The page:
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Gove robs education budget to fund divisive 'Free Schools'
Martin Powell-Davies, NUT executive
Tory Education Secretary Michael Gove is an easy target for comedians. A tweet from David Schneider - "Free Schools to be renamed £400m-From-Budget-For-Other-Kids-Schools" - succinctly summed up the latest news. Unfortunately, Gove's policies are no laughing matter.
Reports suggest that these millions are being diverted from the Basic Need budget, urgently needed by local authorities to provide additional school places, into his pet Free Schools project instead.
'Free Schools' are newly-opened privatised academies, 'free' of those cumbersome regulations like having to staff classes with qualified teachers and having to use recognised school buildings.
They are a key part of Gove's ideological mission to accelerate the break-up of state education, replacing accountable local authority schooling with privatised academies. As with the rest of the public sector, education can then also become another avenue for big business to make money, especially if staff pay and pensions can be cut.
Gove appears to have an ideological belief that 'the market works'. The history of privatised services, and the recent history of free schools, tells a different story. Several Free Schools have been hit by high-profile scandals over financial mismanagement and poor educational provision. One of the first to open, Discovery New School in Crawley, has already been forced to close. Yet £3 million was spent on this failed project. In Sweden, the policy has proved disastrous.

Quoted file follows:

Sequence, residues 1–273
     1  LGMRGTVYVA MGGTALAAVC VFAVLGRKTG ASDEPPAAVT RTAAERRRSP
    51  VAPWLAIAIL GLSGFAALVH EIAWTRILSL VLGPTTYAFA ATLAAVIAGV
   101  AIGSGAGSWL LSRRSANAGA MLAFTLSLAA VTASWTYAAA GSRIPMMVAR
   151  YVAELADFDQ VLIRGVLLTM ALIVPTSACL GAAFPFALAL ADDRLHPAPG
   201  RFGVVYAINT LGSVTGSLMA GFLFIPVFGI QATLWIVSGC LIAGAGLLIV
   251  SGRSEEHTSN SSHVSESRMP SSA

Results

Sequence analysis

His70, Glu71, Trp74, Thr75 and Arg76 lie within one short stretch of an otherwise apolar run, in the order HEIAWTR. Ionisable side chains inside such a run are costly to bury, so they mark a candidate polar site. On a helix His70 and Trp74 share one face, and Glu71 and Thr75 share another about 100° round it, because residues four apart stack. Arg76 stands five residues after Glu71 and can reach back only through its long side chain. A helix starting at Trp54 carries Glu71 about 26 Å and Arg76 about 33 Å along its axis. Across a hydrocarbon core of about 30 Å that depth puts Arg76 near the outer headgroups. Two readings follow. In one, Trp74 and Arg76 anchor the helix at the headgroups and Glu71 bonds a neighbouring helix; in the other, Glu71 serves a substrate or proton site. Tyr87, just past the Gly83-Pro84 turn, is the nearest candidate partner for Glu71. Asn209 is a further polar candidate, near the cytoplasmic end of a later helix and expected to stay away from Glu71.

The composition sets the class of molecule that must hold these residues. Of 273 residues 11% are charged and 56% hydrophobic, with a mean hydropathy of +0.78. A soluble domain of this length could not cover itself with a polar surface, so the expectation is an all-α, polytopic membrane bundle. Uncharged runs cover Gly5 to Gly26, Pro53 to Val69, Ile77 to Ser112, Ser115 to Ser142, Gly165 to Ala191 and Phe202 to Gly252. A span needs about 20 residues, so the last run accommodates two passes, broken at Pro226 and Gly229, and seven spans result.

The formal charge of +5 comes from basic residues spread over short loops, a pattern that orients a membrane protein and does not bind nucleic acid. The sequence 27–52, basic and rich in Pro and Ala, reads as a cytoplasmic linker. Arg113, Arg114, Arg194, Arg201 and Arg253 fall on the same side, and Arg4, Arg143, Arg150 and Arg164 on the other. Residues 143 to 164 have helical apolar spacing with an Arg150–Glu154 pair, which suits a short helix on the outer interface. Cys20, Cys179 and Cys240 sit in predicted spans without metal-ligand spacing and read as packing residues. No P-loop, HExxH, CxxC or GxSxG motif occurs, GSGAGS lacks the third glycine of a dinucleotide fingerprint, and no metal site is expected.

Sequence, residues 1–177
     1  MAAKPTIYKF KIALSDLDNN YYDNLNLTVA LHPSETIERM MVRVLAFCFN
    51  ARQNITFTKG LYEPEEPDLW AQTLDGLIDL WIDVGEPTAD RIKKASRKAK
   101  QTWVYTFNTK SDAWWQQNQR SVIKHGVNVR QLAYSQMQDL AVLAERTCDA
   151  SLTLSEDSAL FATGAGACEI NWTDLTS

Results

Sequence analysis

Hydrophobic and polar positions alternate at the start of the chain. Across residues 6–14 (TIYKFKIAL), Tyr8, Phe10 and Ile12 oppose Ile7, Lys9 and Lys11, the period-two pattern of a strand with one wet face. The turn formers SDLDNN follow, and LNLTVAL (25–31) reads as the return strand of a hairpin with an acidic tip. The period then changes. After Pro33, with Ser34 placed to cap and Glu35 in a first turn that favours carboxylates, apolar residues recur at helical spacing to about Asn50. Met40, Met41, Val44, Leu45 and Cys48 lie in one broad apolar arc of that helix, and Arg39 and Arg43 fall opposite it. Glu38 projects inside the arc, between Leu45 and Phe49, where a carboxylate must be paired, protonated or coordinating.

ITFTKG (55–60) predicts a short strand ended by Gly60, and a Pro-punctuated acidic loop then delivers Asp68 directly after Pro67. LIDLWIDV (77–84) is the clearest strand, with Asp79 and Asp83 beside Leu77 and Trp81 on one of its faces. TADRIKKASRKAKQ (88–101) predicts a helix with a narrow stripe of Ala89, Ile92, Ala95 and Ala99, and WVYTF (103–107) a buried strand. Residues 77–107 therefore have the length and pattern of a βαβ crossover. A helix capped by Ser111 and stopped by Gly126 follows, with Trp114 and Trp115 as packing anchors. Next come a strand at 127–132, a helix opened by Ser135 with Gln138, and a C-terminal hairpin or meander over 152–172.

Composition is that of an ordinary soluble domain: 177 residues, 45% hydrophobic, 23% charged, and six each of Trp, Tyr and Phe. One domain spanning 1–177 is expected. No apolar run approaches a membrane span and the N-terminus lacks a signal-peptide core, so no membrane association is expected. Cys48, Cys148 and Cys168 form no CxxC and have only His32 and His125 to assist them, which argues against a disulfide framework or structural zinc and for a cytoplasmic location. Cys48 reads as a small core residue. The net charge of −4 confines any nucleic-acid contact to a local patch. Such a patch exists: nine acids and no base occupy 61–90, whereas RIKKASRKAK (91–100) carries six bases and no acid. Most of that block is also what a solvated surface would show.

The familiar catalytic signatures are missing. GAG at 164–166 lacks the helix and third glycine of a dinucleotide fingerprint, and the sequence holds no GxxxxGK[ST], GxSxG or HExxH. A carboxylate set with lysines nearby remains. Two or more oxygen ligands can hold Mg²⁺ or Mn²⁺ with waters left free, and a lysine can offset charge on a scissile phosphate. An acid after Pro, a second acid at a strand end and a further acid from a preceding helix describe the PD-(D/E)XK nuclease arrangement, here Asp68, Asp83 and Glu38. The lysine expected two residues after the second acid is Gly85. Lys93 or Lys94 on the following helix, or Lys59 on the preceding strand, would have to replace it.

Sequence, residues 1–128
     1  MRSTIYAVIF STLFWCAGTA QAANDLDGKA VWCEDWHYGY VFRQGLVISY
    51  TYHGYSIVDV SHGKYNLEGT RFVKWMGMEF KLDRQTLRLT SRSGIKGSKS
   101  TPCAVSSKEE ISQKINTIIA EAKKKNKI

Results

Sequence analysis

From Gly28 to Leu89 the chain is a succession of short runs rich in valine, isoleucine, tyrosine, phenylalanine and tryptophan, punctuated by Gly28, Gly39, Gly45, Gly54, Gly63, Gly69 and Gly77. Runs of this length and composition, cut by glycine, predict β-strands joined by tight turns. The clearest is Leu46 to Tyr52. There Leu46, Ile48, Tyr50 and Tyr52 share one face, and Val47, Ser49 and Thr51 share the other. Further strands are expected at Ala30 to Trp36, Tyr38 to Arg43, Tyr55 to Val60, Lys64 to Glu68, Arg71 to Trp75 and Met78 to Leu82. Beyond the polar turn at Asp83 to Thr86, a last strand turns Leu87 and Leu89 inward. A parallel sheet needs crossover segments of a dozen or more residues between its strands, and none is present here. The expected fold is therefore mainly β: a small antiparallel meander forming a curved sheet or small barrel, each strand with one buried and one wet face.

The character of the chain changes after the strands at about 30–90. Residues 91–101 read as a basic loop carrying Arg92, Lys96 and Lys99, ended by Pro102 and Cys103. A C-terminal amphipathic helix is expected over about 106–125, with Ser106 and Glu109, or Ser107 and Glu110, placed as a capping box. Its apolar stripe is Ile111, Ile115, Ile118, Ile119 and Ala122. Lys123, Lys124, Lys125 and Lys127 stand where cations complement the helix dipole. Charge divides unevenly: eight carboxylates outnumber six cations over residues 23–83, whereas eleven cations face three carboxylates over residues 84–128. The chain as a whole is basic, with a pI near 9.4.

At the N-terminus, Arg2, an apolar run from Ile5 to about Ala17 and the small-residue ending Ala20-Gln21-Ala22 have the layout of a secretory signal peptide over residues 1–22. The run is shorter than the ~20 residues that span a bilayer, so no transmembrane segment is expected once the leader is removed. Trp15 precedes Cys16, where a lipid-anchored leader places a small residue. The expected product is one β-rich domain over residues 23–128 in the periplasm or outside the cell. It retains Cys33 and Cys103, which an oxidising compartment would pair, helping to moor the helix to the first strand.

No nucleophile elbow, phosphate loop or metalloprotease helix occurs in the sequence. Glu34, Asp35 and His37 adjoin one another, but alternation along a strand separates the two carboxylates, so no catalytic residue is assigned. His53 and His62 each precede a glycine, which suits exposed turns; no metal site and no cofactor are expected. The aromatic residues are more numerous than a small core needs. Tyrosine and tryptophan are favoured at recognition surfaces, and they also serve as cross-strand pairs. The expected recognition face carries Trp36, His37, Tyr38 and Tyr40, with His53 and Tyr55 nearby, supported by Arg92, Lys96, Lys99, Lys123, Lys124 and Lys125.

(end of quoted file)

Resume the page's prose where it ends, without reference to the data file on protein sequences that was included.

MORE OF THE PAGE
Altogether, 174 Free Schools have opened so far but many in areas where there is no pressing need for additional places.
However, in areas like London, where the place shortage is becoming critical, councils aren't being allocated the 'basic need' funding they urgently require. £400 million could help fund about 30,000 much needed places.
Even if funding is allocated to Local Authorities, Gove has changed legislation to prevent them opening new community schools where they are needed. Instead, new places have to be provided by Free Schools.
The cross-party Public Accounts Committee has started to question Gove's profligacy and both Labour and the Lib Dems have used the issue as an opportunity to knock government policy. Unfortunately, while both parties might want to show opposition as we approach a general election, their education policies suggest that, if in office, they will follow a very similar path.
Instead of leaving school provision to a chaotic and inefficient free-for-all of private providers, elected local authorities should be given the job of planning and providing well-resourced new schools - and be given the investment needed to do so.
The Free Schools fiasco exposes the madness of the free market ideology that forms the agenda of all the main political parties. Trade unions have a responsibility to lead a community struggle to defend public services and to win the resources needed to meet public needs.
- Martin is standing for the NUT general secretary in the forthcoming elections. See electmartin1.blogspot.com
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